In 1953, he received an Academy Award for "being a master comedian and a good citizen." Apparently the second part was a hit to Chaplin who targeted as being a communist. Even with all the political undertones and BS...Harold accepted it with pride.

Harold Lloyd passed away on March 8, 1971 of prostate cancer.

He was interred at Forest Lawn Glendale.

Harold only married once, to actress and costar Mildred Davis. They married in 1923 and stayed married until her death in 1969. The couple had two kids, a daughter Gloria and a son Harold Jr. They also adopted a daughter named Marjorie, who they called Peggy.

Bebe Daniels was a long time love of his as well. They were engaged for a time, but they eventually split. They did remain friends though. I thought I remember hearing somewhere that he had also romanced costar Jobyna Ralston, but I don't remember when or from where, so don't quote me on that.

Harold, Mildred, and family lived in a beautiful mansion they called "Greenacres." The palace had 44 rooms and its own golf course. Even though the grounds have been divided, the main house still stands and is listed on the National Register of Historic Places.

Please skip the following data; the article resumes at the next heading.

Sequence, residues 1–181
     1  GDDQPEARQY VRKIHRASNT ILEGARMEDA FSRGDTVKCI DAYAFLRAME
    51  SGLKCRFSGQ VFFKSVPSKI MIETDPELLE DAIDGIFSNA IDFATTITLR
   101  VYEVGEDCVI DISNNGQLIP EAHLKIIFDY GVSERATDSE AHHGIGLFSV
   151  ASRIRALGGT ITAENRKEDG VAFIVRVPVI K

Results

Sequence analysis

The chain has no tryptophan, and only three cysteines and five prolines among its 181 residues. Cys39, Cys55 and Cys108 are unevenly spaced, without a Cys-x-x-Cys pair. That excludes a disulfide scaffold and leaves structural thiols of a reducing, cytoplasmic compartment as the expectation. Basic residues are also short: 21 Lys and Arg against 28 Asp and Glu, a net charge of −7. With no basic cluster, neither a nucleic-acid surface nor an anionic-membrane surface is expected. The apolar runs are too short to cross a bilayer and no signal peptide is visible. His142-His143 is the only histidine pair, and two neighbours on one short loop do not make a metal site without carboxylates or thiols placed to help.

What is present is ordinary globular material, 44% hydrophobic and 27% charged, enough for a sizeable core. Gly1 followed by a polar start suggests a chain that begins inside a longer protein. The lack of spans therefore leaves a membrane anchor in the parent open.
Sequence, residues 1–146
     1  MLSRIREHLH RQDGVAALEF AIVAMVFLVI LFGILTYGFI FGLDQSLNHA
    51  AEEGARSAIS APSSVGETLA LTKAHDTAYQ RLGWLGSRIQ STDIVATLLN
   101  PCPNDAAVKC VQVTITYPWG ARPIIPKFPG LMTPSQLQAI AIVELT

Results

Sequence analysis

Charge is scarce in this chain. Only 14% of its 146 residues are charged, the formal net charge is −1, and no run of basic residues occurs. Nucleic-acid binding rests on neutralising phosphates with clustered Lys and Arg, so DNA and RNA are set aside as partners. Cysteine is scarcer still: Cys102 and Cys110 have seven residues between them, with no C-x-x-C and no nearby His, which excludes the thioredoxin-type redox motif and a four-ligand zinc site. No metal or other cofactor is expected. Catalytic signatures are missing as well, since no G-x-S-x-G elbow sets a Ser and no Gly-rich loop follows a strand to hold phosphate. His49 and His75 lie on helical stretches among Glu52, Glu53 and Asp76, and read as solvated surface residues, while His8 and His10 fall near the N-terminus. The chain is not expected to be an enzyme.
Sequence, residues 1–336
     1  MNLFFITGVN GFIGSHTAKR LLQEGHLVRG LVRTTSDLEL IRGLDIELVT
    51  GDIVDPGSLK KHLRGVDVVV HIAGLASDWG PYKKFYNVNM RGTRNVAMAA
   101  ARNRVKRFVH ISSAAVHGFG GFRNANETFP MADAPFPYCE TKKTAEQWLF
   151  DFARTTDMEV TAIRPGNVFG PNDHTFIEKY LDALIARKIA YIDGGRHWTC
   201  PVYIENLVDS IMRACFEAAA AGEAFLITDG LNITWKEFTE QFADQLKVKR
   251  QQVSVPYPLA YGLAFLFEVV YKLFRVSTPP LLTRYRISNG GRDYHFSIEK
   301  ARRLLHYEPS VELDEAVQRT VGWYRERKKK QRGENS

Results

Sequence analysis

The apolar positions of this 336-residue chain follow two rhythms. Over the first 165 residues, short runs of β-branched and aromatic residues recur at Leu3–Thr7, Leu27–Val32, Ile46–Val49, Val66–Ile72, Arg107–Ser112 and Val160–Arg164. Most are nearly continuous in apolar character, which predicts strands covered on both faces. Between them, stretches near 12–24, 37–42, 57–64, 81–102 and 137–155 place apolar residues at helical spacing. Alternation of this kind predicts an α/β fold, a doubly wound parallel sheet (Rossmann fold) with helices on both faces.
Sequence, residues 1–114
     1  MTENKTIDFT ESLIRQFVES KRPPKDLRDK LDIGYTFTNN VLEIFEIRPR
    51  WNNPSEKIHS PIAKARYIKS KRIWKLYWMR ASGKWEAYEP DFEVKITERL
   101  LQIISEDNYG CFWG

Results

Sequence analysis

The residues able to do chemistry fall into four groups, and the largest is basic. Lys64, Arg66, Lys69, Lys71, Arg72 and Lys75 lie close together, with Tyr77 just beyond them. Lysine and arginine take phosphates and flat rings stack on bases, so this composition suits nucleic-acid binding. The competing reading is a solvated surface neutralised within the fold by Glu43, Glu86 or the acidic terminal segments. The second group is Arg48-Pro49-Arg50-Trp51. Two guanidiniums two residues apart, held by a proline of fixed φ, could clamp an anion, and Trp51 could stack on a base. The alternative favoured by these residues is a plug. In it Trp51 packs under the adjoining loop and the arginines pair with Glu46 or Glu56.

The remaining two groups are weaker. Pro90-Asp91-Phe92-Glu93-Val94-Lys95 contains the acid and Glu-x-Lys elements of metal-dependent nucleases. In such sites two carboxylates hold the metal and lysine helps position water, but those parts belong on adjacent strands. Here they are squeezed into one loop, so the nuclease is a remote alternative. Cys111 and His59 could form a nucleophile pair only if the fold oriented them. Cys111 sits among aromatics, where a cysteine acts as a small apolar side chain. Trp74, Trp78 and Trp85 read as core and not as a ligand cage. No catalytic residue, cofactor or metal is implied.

Son Harold Lloyd Jr. had a brief acting career himself. His film The Flaming Urge was actually filmed in my hometown of Monroe, Michigan (Pretty damn cool!). He was also a homosexual which was treated quite well by his famous father. After his father died, he slipped into alcoholism and died of a stroke only a few months after Harold. He was only 34.

Besides acting, Harold enjoyed photography. He was famous for his nudes and for photographing such famous ladies as Bettie Page and Marilyn Monroe (I was quite shocked when I read the words "nude" and "Harold Lloyd" in the same paragraph a few years ago when I was really getting into silent film. I couldn't see him and naked ladies in my head and have it make sense. Thank God this wasn't a case of Bob Crane).